For the 16th century, at least, it is clear that the viewers were men at the top of their profession. Of the carpenters, almost all were masters or wardens of their Company and well regarded outside their own ranks. Stephen Poncheon, viewer until his death in 1535, was a warden and, in 1533, master; he was also carpenter to the Drapers' Company in 1520. (fn. 29) John King (Kyng), viewer briefly in 31–32 Henry VIII (when he died), had been a warden and master, and was carpenter to the Mercers. (fn. 30) William Walker, Thomas Pecock, Thomas Smart, and Philip Coseyn (Cosyn) were all both wardens and masters, and so was John Russell, who was also the King's Carpenter from October 1532 until his own death in 1566. (fn. 31) The masons were hardly less distinguished. The Company's records show Thomas Newell, Henry Pesemede, Gilbert Burffame (Burfame), John Hilmer (Hylmer, Elmer), and John Humfrey as prominent members of the livery of the Freemasons, and Nicholas Ellys, viewer from 1545 until he died in 1556, was the King's Mason. (fn. 32) The tilers, chosen viewers intermittently after 1550, are less easy to trace since their Court of Assistants' minutes start only in 1580. (fn. 33) But Walter Cowper, one of the two tiler viewers within the period of the existing certificates, was under contract to the Drapers in 1534, when he built them a cellar for £5. (fn. 34) Terms such as 'ancient', and 'sad' (in its 16th-century meaning of 'grave' or 'serious'), illustrate the qualities thought desirable in a viewer: he was to be mature, dignified, and of course both honest and competent. (fn. 35)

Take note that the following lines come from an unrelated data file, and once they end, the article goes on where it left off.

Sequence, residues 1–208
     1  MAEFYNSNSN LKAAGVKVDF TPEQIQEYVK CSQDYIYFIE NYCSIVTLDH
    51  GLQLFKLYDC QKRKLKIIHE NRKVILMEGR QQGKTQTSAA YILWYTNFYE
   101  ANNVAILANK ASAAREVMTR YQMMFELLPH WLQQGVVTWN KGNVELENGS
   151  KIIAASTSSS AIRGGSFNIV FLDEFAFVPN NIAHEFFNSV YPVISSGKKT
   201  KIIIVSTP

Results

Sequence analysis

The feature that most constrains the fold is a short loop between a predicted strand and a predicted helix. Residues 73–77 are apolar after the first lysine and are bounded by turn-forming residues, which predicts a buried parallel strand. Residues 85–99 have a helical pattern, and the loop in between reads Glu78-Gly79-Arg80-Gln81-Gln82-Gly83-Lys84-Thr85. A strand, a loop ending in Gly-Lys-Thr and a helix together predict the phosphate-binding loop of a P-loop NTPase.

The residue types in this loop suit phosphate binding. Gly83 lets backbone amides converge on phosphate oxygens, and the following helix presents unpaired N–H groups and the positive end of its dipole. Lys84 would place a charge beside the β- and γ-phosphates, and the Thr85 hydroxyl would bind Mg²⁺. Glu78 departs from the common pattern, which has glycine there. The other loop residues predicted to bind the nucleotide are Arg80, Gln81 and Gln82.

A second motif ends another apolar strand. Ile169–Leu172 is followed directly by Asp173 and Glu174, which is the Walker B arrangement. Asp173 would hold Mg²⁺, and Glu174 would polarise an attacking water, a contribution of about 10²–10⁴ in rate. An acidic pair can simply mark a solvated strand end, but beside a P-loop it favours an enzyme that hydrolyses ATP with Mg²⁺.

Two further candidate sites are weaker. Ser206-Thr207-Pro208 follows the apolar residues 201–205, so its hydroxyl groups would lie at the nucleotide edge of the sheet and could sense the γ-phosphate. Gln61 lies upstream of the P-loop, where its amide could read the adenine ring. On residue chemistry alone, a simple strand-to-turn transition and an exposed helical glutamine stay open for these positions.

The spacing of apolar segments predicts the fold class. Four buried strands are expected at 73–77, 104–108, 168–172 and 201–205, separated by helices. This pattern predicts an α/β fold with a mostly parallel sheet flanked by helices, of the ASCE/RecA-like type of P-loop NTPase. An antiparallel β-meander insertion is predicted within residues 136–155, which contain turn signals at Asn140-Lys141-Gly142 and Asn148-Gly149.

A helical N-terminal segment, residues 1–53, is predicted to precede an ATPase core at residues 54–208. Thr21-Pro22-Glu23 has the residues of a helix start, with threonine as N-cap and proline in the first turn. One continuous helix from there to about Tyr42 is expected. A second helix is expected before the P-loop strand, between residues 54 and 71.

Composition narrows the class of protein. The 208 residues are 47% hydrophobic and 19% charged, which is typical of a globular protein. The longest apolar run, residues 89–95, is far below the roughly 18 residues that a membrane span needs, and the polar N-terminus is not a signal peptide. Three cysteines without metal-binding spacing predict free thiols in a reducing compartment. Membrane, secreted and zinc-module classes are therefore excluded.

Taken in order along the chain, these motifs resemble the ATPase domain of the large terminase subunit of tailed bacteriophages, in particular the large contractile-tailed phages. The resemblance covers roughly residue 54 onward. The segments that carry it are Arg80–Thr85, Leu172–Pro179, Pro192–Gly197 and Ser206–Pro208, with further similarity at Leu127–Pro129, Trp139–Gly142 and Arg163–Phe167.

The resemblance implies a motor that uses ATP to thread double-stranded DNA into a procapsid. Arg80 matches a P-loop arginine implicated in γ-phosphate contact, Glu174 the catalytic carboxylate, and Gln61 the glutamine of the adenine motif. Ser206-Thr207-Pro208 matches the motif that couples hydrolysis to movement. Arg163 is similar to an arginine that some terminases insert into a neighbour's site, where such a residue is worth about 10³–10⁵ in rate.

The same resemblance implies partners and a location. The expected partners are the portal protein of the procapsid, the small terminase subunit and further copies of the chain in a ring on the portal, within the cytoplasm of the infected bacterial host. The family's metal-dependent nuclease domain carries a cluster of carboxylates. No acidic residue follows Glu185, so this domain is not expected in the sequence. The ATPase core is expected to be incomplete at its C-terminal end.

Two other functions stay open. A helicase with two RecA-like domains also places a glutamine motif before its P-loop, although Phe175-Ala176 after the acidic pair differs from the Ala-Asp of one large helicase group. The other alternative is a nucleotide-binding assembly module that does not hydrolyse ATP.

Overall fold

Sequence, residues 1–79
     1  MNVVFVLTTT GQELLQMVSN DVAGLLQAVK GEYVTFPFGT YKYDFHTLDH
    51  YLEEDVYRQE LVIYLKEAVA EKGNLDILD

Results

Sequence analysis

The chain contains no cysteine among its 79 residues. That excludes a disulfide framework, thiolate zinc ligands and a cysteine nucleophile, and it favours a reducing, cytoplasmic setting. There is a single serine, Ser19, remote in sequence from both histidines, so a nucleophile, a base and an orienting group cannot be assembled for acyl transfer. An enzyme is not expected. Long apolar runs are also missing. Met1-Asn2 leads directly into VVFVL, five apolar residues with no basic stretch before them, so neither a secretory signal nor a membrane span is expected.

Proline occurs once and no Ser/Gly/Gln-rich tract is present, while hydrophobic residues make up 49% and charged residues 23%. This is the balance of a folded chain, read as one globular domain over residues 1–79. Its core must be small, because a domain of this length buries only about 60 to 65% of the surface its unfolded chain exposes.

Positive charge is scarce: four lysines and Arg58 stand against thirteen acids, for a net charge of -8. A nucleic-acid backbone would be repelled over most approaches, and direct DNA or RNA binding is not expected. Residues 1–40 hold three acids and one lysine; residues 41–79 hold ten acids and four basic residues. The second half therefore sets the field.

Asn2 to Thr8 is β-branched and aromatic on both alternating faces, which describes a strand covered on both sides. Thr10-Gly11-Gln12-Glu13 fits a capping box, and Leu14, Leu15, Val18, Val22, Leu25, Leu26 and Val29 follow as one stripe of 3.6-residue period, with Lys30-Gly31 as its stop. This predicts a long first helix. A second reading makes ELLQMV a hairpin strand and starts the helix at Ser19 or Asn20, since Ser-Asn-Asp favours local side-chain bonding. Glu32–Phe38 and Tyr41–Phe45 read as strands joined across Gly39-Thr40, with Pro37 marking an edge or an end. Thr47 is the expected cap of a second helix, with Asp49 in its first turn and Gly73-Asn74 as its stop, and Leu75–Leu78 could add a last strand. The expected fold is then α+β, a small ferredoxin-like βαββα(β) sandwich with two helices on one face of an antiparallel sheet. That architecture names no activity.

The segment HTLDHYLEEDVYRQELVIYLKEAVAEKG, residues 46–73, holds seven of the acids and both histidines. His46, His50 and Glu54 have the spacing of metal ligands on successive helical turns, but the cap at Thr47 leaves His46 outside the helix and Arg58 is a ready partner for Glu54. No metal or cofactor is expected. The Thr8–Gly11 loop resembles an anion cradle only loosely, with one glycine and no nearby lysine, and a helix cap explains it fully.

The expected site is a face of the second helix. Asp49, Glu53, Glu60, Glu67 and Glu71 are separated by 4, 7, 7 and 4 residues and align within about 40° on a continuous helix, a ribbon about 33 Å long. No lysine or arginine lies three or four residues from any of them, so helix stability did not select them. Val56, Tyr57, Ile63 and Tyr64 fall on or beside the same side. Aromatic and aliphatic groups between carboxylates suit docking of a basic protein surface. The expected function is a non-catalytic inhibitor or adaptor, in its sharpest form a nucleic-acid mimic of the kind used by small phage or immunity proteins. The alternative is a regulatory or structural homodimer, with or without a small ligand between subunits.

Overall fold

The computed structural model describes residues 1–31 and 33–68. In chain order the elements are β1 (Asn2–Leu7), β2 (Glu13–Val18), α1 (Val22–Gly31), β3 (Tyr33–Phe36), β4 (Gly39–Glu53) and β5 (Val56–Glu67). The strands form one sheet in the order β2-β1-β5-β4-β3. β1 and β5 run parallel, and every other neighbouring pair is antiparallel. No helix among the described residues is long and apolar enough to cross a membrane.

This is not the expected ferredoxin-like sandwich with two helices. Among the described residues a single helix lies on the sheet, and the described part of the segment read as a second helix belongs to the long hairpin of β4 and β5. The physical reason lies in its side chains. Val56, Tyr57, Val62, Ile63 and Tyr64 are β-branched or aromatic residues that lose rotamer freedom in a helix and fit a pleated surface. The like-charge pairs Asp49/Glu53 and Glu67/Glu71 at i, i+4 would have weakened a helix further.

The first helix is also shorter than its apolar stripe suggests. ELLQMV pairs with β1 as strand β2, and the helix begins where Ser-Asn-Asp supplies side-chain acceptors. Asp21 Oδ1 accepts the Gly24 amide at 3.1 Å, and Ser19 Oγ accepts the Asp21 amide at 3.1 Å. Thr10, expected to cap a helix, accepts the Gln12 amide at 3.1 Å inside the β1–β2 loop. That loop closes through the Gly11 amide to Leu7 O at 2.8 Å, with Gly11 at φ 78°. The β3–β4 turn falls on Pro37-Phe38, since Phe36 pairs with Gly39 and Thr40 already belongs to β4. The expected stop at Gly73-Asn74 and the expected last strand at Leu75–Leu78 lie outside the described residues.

There is one puzzling exception, important for the light it throws on the entire selection process. William Coleyns (or Colyns, or Collins), carpenter, appears fairly often in the records of the Carpenters' Company, and not entirely favourably. Coleyns was chosen under warden of the Company in 1533. But in February 1534 two members of the Company 'founde a boye working on making of skrewys in a Seller' of Coleyns; he had worked two years as a carpenter but he was not an apprentice. (fn. 36) A further note on what appears to be the same incident suggests that Coleyns illegally employed two boys: the master and the upper warden had investigated on knowledge that there was a 'foryner' working on screws in a basement of Coleyns and had found the work going on; but the boy's name differs in the two reports. (fn. 37) Yet shortly after this incident, in October 1535, an entry in the Repertories notes that the names of Philip Coseyn, John King, and Richard Maddok (Madok), carpenters, were brought to the Court so that one of them might be chosen viewer in place of Stephen Poncheon, who had died; 'and by good deleberation by way of scrutynye ye sayd Wyllyam Colyns was chosen and namyd to be yn the seyd Rowme and sworne accordyngly'. (fn. 38) The carpenters reacted predictably. It was not 'ye said Wyllyam Colyns', of course; he had not been among the nominees of the Carpenters' Company. They came into the Court of Aldermen to demand that they have the nomination of a viewer 'and sayed that they by act of Parliament ought to have the same'; a day was given them to bring in their evidence. (fn. 39) Apparently their case was weak, for there is no further talk of Acts of Parliament. Instead, some four months later, in February 1536, ten carpenters — three of them viewers or future viewers — came into court and swore on oath to the truth of a 'boke of Articles of Mysdemeanors obiectyd ageynst Wylliam Colyns Carpenter'. He had, they alleged, through friends had work in hand for the Mint in the Tower and in connection with it had been given a commission to carry wood from the king's wood at Enfield Chase; he had tried, by virtue of his commission, to compel men of Cambridgeshire to take the wood to London in their carts, knowing that they would pay him to escape the duty. He had been discovered by 'wise and discrete men' and sent to the Marshalsea. Moreover, they said, he had once told the Court of the Company under oath that Thomas Sherys — one of those testifying against him — owed him £30 whereas it was found that instead Coleyns owed Sherys five marks (£3 6s. 8d.). Finally, he had once refused payment for three loads of timber taken for the king's works and had later sworn that 20 loads were involved. (fn. 40) This scarifying recital did not, apparently, move the Court of Aldermen as strongly as the Carpenters had hoped; perhaps there was some question in more than one official mind as to why the Carpenters would elect such a scoundrel to high office in their Company. In any event, there is a laconic entry in the Repertories for 24 February 1536 to the effect that Coleyns' answer had been read 'and upon the submyssyon of the sayd Coleyns to Master & Company of Carpenters [they] shall remytt all theyre displeasures to the said Colyns & accept hym ageyn ynto their Company.' And later the same day was added the dignified, official note that the Carpenters of London had presented to the Court John Sampson and William Walker to be viewer in place of Stephen Poncheon and that Walker by way of scrutiny was elected and sworn. Coleyns was therefore discharged of the office by his own agreement and the record discharged. (fn. 41) But he had indeed assumed office and acted for as long as four months: by chance, one certificate (115) survives showing Coleyns as a viewer.